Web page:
By MARK OSBORNE, ABC News
(LOUISVILLE, Ky.) — The Louisville Metro Police Department has moved to fire two officers involved in the fatal shooting of Breonna Taylor in her apartment earlier this year.
Officer Myles Cosgrove and Detective Joshua Jaynes were both notified of termination Tuesday, according to their lawyers. Both officers will answer the termination notices in a hearing before Police Chief Yvette Gentry, who was named to the role in September, on Thursday. They can also appeal the police chief’s final determination.
“We plan to attend the pre-termination hearing on December 31st, although I expect the result has already been pre-determined,” Thomas Clay, Jaynes’ lawyer, told ABC News in a statement. “I fully expect Mr. Jaynes will be terminated after the ‘hearing’ no matter what the evidence is to the contrary. We will appeal any disciplinary action taken against Mr. Jaynes because I believe the evidence shows he did nothing wrong.”
Jaynes was not present at the shooting, but prepared the search warrant for Taylor’s apartment.
Louisville’s River City Fraternal Order of Police said in a statement, “The FOP is aware that two of our members received pre-termination opportunity to respond notices today, outlining the chief’s current intent to terminate their employment. In the near future both members will have an opportunity to have a hearing before the chief of police and respond to the information contained in the notices. After those hearings, when the chief makes her final determinations, our members have the right to appeal any discipline that may be issued.”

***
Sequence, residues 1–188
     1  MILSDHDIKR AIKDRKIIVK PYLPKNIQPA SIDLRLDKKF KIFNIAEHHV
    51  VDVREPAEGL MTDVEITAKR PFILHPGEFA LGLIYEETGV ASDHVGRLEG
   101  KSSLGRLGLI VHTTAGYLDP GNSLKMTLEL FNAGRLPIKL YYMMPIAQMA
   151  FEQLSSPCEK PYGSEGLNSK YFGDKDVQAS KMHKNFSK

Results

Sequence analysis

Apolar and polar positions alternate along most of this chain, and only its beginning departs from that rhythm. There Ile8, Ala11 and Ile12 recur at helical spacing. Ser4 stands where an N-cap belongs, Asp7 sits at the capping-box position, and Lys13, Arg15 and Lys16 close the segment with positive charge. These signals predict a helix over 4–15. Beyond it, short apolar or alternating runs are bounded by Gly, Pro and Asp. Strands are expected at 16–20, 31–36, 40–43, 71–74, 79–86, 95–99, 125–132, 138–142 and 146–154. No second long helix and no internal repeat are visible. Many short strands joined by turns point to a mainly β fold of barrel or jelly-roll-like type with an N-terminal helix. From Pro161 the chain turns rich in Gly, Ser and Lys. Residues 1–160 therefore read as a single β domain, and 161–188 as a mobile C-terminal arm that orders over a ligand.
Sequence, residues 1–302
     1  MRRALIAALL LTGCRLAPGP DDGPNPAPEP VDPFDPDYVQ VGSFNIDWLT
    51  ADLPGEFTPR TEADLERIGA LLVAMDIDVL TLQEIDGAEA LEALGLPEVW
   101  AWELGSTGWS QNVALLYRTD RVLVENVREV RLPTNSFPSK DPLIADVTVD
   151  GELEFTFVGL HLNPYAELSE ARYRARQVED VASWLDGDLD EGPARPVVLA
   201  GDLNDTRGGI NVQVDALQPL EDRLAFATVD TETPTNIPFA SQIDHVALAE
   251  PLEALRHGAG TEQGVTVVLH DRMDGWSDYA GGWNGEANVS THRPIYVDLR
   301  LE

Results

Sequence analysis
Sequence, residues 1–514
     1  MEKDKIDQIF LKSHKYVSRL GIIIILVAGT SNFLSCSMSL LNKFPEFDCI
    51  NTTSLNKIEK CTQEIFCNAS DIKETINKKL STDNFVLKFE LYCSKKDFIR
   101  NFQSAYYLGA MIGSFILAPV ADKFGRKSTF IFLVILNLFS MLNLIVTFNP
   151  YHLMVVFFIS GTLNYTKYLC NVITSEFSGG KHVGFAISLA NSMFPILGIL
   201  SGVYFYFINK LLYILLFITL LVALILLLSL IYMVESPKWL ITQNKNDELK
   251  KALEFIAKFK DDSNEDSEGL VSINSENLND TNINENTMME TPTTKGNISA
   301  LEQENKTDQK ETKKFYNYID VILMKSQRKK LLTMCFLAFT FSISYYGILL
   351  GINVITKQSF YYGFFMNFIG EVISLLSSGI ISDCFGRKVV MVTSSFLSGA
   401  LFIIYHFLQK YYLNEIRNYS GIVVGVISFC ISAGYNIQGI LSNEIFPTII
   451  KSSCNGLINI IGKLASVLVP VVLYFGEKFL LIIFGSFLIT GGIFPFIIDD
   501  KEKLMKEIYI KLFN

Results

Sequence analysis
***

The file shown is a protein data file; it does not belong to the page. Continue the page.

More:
A ballistics analysis determined that Cosgrove fired the shot that killed Taylor, officials said.
“I can confirm that Mr. Cosgrove has received a pre-termination notice. Otherwise, we have no comment,” Cosgrove’s attorney, Jarrod Beck, told ABC News.
Another officer involved in the raid, Brett Hankison, was fired in June. He had been the only officer punished in the wake of the botched raid.
Hankison was also indicted by a grand jury in September on three counts of wanton endangerment in the first degree in the shooting that killed Taylor, but neither he nor the other two officers involved in the fatal encounter were charged in her death. Hankison was charged for firing bullets into neighboring apartments.
He has pleaded not guilty.
Sgt. Jonathan Mattingly, who also fired into the apartment, has not been fired by the department. Mattingly was shot in the leg during the raid.
“The Mayor of Louisville has informed the mother of Breonna Taylor that LMPD intends to terminate Officers Cosgrove and Jaynes and that both officers have the right to appeal,” a lawyer for the Taylor family told ABC News.
Jean Porter, deputy director of communications for Louisville Mayor Greg Fischer, said in a statement to ABC News, “LMPD Chief Yvette Gentry has initiated disciplinary procedures for officers involved in the Breonna Taylor case, following investigations by LMPD’s Professional Standards Unit. State law KRS67c.326 (1) (f) precludes comments from any persons in Louisville Metro Government about the allegations in these cases.”
Taylor, a 26-year-old emergency medical technician, was killed when the officers executed a “no-knock” warrant on the home she shared with her boyfriend, Kenneth Walker, on March 13. The police were looking for Jamarcus Glover, Taylor’s ex-boyfriend, who allegedly was a known drug trafficker. Walker, who said he believed the home was being robbed, opened fire on the officers. They returned fire, striking and killing Taylor.
Walker, who was a licensed gun owner, was initially charged with attempted murder, but that was eventually dropped. He has sued the Louisville Metro Police Department and city of Louisville, claiming he had a right to defend himself according to the state’s stand your ground law. Mattingly filed a countersuit in late October.
The lack of discipline helped to spark months of protests in Kentucky and across the U.S., especially in the wake of the police killing of George Floyd in Minneapolis in late May.
Jaynes was placed on administrative reassignment in June over questions about how and why the search warrant was approved, then-acting Police Chief Robert Schroeder said.
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